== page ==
Andrew tried putting business cards with a coupon code in his packaging and not a single one has been redeemed. The coupon code was good for 12 months for simplicity. However, he’d like to try a shorter time period thinking customers aren’t feeling a sense of urgency when the code is good that far into the future.

Mo Options; Mo Problems

Being super flexible and offering infinite options didn’t work. It generated a lot of messages and work for him, but most of those shoppers were never heard from again. Having too many choices is a studied area where a lot of options overwhelms people and they decline to make a choice at all.

The Blogging Blues

Blogging about his journey selling on Etsy wasn’t all that popular. Couple that with a classic case of writer’s block and the blog just wasn’t a successful endeavor. Blogging often seems like a lot of fun, then people try it out and the magic quickly fades away. It’s been suggested by many bloggers that if you’re interested in blogging, you should write out months worth of posts before doing anything else. Content is the hard part so if you can stick with it for let’s say 10 articles and still have that passion, maybe you’re a good fit for it.

Facebook and Twitter Crickets

Described as a “total waste of time” Facebook and Twitter were not effective here. People “like” a lot of stuff. Unfortunately they don’t often act on those by making a purchase. It’s become somewhat of an expectation to like things.

The Day Job Balancing Act

For those of you that either have been or are currently balancing a day job with your business, this probably sounds familiar as well. You’re not quite in a spot where you can jump 100% into your business and still support your family, but it also feels like you’re maxed out on time. Well that’s exactly where Andrew is right now. Fortunately he comes off as patient and optimistic about finding the right time to make those future transitions. It’s one of those situations where when you find yourself with extra time and motivation, you put it into the business. When you find yourself short on time, you just have to wait it out. Looking to the future, he also hopes that when his son Morgan reaches a working age he might pick up the business. Otherwise he’ll have to rename it after his daughter Zoe. Cheers to the future Andrew!

Where To Find Andrew

You’re certainly going to want to check out Andrew’s shops:
MorganPeter Website

On this episode we talk to Andrew from and two Etsy shops by nearly the same name. He was kind enough to share his story with us along with many things he's tried that did and didn't work!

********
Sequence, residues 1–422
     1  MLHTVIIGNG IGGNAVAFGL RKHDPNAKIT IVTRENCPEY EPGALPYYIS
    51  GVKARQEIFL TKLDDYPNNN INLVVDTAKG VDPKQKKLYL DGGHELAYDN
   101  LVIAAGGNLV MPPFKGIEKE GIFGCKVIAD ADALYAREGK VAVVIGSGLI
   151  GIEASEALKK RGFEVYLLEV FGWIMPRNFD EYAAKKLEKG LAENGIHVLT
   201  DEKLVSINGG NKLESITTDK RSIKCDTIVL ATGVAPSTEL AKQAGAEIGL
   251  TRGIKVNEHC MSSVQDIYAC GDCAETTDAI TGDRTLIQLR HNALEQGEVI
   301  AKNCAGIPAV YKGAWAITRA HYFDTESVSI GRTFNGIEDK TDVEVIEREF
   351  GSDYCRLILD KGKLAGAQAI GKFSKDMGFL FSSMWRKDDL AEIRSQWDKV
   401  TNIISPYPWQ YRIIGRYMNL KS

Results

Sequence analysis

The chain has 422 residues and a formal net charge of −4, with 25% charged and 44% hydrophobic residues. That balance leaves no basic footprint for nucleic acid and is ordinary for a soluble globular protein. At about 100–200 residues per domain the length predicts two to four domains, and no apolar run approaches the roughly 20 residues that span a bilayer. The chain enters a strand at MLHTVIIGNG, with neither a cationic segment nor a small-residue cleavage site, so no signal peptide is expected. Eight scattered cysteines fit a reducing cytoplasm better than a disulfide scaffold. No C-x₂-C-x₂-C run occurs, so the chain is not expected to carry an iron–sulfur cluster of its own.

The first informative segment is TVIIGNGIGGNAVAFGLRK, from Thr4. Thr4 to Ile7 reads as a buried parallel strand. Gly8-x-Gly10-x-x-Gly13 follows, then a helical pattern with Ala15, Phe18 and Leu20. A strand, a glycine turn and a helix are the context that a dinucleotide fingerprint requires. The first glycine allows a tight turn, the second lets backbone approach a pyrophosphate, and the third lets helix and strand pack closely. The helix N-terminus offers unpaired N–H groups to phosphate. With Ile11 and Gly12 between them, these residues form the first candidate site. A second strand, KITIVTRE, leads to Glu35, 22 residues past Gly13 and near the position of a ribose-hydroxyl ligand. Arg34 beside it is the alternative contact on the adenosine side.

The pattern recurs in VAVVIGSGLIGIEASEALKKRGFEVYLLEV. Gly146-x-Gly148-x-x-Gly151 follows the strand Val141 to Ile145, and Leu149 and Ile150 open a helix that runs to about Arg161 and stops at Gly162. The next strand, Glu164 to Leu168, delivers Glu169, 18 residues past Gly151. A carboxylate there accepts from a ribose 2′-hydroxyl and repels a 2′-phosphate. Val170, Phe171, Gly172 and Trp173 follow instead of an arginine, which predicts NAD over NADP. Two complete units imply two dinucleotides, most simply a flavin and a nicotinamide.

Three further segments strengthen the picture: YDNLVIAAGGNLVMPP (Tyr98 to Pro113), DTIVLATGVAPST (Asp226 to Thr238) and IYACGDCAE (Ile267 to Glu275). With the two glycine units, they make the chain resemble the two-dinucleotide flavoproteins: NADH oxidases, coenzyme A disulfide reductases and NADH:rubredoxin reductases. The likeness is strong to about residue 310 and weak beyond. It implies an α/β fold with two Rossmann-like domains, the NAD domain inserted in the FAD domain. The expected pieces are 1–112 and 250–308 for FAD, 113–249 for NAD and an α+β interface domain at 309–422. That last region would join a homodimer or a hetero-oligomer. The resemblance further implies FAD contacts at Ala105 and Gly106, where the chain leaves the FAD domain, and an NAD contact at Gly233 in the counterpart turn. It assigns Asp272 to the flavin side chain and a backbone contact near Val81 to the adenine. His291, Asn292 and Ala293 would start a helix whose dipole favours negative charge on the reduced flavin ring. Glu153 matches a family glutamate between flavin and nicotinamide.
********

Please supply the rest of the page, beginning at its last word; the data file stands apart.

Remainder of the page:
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0 replies on “Etsy Jam Episode 44: What Worked on Etsy and What Didn’t Work with Andrew from”

I’ll put some of these tips to good use ? I’ve toyed with the idea of a second shop for a while to split up my polymer clay jewelry and my molds. I create my own molds based on my clay designs and I’d like to focus on that in my second shop.

In full agreement about the blogging and social media writing. I devote that time to listing more items, reaching out to new customers with personalized notes and giving myself a few extra minutes each day.

The 2 shops = double sales is good proof of the etsy sales caps. I have researched these caps extensively and let me tell you they are mathematical formulas that correspond to views, favorites, shop favorites, etc. The formulas and tricks they use even involve binary math (cutting off a zero in binary halves the number). Basically etsy has a sales machine that uses email marketing (cart reminders, remember this), ‘market pages’ , and similar items to generate sales when your stats are in the right ranges. Within 5 minutes of getting the stats in the right range, I can watch google analytical activity that shows the ‘sales machine’ in action. I don’t think they very often ‘stop people’ from making purchases, but they can easily throttle and move your placement in search to slow down your sales at the right moment. One thing I am learning is that etsy as a marketplace is nothing like what it appears to be.

Thanks, Marmalead team, for breaking down the pieces of this interview into bite-sized chunks – lovely and easy to skim and read!!!

I watched (Youtube) and read (above) with interest the section on the shop separation. I’m considering doing the same with my own shop, despite the pain, as I’ll soon have tow slightly different product categories, that might work better in separate shops.

Are you able to refer me to any other interviews you’ve done where one maker had more than one Etsy shop?

Thanks much!